The homecoming of former UN chief Ban Ki-moon has brought him closer to a much-anticipated presidential bid in South Korea, signalling a tough few months for his potential rivals.
It also means a whole new political ordeal for the 72-year-old former diplomat who now enters domestic politics as a rookie.
Ban’s greatest strength is undoubtedly the public’s recognition of his prestigious career as the first-ever South Korean to take the UN’s top post – and also serve for two consecutive terms.
His overseas position has also kept him away from the political commotion here, particularly the corruption scandal involving President Park Geun-hye which is seems set to bring her impeachment.
His weakness, however, is a lack of time to ease into his home country, to “befriend” the public and prepare for a presidential race likely to take place around April.
Who is Ban Ki-moon?
Born in 1944, in Eumseong-gun in North Chungcheong Province, Ban passed the Foreign Service Examination in 1970 and began a lightning rise through the ranks, swiftly earning fame within the Foreign Ministry.
But challenges awaited him in 2001, when he was pushed to step down from his vice ministerial post, taking responsibility for South Korea-US tension over the Antiballistic Missile Treaty.
President Roh Moo-hyun brought Ban back into domestic affairs by appointing him presidential assistant of foreign affairs in 2003.
Though he was at times criticised for his allegedly pro-US stance, Ban soon gained credit in the Roh administration for his negotiating skills in crucial forums such as the six-party talks on North Korea’s nuclear armament.
Backed by the Roh government, Ban was in 2007 named the 33rd secretary-general of the United Nations.
Rising to the presidential race
During his 10 years at the UN, the former diplomat maintained amicable relations with the South Korean leadership, regardless of their political tendency.
Ban is noted as a rare high-profile civic servant to have “survived” over four disparate administrations, from the military dictatorship of Chun Doo-hwan to the progressive Roh administration.
Though largely associated with the Roh government, Ban fit in with the successive conservative governments, including the current Park administration.
It was Ban’s apparent neutrality, as well as publicity, which made him an appealing candidate as presidential successor for Park and her ruling Saenuri Party.
Amid burgeoning speculation of Ban’s likely bid, the UN chief official met with Park during her visit to the UN headquarters in 2015.
His favourable remarks over the Saemaeul Movement – one of Park’s flagship projects to develop rural areas – and his close-door meetings with the president further boosted the rumours of his presidential ambition.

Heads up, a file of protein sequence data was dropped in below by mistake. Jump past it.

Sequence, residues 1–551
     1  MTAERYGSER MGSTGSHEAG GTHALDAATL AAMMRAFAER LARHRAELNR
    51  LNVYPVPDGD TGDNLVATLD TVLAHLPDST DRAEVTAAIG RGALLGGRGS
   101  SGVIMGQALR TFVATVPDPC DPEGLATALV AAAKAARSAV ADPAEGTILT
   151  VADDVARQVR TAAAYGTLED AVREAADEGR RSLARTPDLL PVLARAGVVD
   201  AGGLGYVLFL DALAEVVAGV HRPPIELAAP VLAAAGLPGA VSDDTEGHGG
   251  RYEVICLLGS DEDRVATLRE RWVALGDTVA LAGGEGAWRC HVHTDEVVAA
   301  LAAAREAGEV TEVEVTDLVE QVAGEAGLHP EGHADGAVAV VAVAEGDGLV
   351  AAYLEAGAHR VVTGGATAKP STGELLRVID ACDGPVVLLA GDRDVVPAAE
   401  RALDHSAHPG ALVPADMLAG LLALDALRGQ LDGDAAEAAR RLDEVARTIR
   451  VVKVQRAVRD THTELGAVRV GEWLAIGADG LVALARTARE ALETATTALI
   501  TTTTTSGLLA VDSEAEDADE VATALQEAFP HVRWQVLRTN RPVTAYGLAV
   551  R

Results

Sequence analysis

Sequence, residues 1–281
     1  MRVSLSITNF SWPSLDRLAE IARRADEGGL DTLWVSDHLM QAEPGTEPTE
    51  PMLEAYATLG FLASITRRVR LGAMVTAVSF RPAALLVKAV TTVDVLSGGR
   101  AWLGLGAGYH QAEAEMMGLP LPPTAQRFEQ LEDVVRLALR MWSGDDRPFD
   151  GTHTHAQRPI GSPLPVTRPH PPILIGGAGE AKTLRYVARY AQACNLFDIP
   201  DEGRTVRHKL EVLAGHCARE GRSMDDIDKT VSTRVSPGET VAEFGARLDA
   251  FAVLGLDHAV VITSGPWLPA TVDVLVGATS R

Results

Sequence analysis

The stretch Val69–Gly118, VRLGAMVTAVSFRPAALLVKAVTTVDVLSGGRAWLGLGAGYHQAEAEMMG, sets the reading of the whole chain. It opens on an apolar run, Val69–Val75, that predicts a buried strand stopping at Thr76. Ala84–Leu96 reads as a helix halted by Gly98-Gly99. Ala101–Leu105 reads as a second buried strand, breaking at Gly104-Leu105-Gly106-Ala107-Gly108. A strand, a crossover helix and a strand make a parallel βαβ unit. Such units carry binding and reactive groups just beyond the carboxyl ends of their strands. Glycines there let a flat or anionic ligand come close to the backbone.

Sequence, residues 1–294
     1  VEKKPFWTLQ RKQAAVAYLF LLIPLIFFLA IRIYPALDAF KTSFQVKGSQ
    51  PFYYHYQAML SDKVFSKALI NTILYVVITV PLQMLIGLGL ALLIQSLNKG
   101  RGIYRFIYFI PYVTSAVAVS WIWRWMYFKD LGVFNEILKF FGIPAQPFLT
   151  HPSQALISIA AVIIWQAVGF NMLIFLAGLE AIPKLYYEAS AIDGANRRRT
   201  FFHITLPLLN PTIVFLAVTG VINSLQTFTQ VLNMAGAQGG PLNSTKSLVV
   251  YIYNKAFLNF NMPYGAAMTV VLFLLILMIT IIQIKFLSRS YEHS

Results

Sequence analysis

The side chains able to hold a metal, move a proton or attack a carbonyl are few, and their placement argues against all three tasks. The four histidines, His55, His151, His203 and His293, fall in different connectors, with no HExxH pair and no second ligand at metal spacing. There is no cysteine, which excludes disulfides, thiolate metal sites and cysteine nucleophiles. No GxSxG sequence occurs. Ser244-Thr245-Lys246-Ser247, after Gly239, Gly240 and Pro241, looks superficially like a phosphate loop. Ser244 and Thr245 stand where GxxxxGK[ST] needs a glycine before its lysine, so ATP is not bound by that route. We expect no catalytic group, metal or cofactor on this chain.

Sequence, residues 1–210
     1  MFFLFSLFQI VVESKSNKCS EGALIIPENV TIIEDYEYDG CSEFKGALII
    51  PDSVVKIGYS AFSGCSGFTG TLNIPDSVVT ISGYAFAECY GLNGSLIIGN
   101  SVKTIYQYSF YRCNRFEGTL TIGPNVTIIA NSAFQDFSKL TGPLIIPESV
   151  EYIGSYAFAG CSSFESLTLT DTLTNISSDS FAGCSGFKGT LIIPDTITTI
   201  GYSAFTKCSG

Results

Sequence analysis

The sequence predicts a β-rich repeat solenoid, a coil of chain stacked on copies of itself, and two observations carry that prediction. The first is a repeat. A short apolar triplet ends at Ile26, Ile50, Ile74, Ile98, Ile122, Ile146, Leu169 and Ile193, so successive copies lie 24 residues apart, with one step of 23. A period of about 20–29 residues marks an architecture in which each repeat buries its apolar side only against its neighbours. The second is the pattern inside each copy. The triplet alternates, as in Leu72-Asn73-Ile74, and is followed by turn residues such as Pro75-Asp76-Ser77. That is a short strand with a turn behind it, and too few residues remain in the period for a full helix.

But with Park currently facing impeachment and the Saenuri camp divided by factional feuding, it is uncertain whether Ban will now forge a new political entity or join hands with existing groups.
Integrity tests lie ahead
Despite uncertainties and challenges, Ban is one of the top two frontrunners in the upcoming presidential election.
And his chances may improve further, since a number of political groups are seeking to recruit him as their candidate.
Standing first in line is the Barun Party, a centrist spin-off from the conservative Saenuri. The People’s Party, another runner-up opposition party, is also courting the former UN chief.
A critical deterrent for Ban is the recent allegation that he and his family members were involved in bribery.
A survey conducted by local pollster Realmeter in the second week of January showed Ban to have 20.3 per cent in approval rating, down 1.2 percentage points from the previous week. Moon Jae-in, former chairman and top presidential candidate of the main opposition Democratic Party, took the lead with 27.9 per cent.
The key reason for the popularity drop is the allegation that Ban received bribes worth US$230,000 from a local businessman in 2005-2007. This, combined with his brother and nephew’s indictment in New York – also over bribery charges – seemed to have put a damper on the public’s enthusiasm for the returning diplomat.
Observers also pointed out that an excessive welcome from his supporters may prompt a backlash from as-yet undecided voters.
Ban’s supporters, especially in his home turf of North Chungceong, have triggered disputes by presenting a song and building a headstone in honour of Ban’s “great achievements”.
“We will minimise the level of formalities [for Ban] so that he can communicate closely with the people,” his spokesperson Lee Do-woon told reporters on Wednesday, in an apparent move against such exaltation.
But Ban once again came under fire yesterday, just hours before his arrival, after his aides reportedly requested a special welcoming ceremony. His office later explained it had received the offer from Incheon International Airport to use its VIP room but declined.